Latest Astroparticle physics Stories
The National Aeronautics and Space Administration has awarded $4.4 million to a collaboration of scientists at five United States universities and NASA’s Marshall Space Flight Center to help build a telescope for deployment on the International Space Station in 2017.
As we search the heavens, one of the striking observations is that we are constantly bombarded by a stream of extremely high energy charged particles, traveling at nearly the speed of light.
According to a new study, black hole cosmic radiation blasted into the Earth back in the 8th century. Japanese astrophysicist Fusa Miyake discovered last year clues for the strange event located in the rings of ancient cedar trees that dated back to either 774 or 775 AD.
NASA’s Fermi Gamma-ray Space Telescope, the most advanced space-based gamma-ray mission ever launched is turnings its eye to the problem of dark matter.
Science teachers in grade school sometimes hand out "mystery boxes," which contain ramps, barriers and a loose marble. Rotating the marble and feeling it hang up or drop, the students begin to deduce the contents of the box.
Nearly a mile underground beneath the Black Hills of South Dakota, scientists from Lawrence Livermore National Laboratory (LLNL) are using a tank to make key contributions to a physics experiment that will look for one of nature's most elusive particles, "dark matter."
The search for dark matter runs deep with physicists Blas Cabrera and Bernard Sadoulet, who have chased this mystery far underground and will be recognized for their work as joint recipients of the 2013 W.K.H. Panofsky Prize in Experimental Particle Physics.
The University of Utah has plans to build a new observatory facility to study high energy cosmic rays, thanks to a $1 million grant from the W.M. Keck Foundation.
A debate that has been raging over the distribution of matter in the universe can finally be put to bed thanks to the WiggleZ Dark Matter survey that was conducted in 2006 to 2011.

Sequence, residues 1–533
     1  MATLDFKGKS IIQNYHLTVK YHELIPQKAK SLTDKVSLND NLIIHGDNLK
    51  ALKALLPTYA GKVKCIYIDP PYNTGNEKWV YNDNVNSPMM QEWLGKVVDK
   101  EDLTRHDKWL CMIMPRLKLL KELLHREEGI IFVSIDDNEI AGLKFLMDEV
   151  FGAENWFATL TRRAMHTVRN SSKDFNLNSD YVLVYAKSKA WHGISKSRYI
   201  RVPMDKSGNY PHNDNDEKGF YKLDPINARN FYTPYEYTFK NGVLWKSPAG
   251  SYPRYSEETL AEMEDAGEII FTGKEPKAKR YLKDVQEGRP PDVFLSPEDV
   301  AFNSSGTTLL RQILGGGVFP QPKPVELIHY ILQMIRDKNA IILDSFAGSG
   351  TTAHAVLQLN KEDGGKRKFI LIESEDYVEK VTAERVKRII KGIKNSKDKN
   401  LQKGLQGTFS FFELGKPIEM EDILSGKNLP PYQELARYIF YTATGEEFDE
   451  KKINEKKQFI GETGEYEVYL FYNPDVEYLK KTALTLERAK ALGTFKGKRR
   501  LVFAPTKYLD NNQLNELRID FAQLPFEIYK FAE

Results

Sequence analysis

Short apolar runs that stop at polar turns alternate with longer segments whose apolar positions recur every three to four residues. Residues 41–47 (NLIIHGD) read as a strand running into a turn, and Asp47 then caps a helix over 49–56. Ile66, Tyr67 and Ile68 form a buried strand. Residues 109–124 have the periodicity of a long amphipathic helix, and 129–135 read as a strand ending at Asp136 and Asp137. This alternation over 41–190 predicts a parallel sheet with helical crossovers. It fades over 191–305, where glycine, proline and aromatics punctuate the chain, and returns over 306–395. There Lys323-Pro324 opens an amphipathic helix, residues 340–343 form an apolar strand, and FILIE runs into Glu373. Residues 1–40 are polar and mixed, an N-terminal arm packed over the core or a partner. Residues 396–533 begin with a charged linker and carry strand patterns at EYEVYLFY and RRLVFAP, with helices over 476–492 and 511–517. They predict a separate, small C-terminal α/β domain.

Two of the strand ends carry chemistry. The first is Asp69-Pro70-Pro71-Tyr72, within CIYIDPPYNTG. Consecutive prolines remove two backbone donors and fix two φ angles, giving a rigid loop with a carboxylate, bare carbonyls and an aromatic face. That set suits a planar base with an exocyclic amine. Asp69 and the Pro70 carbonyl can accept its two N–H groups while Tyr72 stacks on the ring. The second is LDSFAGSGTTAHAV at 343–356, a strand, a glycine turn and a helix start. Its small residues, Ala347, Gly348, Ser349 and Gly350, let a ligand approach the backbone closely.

WIMP -- In astronomy, WIMPs, or weakly interacting massive particles, figure into one explanation of the dark matter problem. The particles are called "weakly interacting" because they seem not to have much interaction with normal matter (electrons, protons, and neutrons) other than gravitational attraction (thus "massive"). Assuming that there are Weakly Interacting Massive Particles, these particles would then fall out of equilibrium with the universe when they are non-relativistic....
Massive Compact Halo Object (MACHO) -- Massive compact halo objects, or MACHOs, are a type of astronomical body proposed as one possible explanation for the presence of dark matter in galactic halos. A MACHO is a small chunk of normal baryonic matter, far smaller than a star, which drifts through interstellar space unassociated with any solar system. Since MACHOs would not emit any light of their own, they would be very hard to detect. Recent work has suggested that MACHOs are not...
Cosmic Rays -- Cosmic Rays. Cosmic rays are energetic particles that are found in space and filter through our atmosphere. Cosmic rays have interested scientists for many different reasons. They come from all directions in space, and the origination of many of these cosmic rays is unknown. Cosmic rays were originally discovered because of the ionozation they produce in our atmosphere. Cosmic rays also have an extreme energy range of incident particles, which have allowed physicists to...
- a slit in a tire to drain away surface water and improve traction.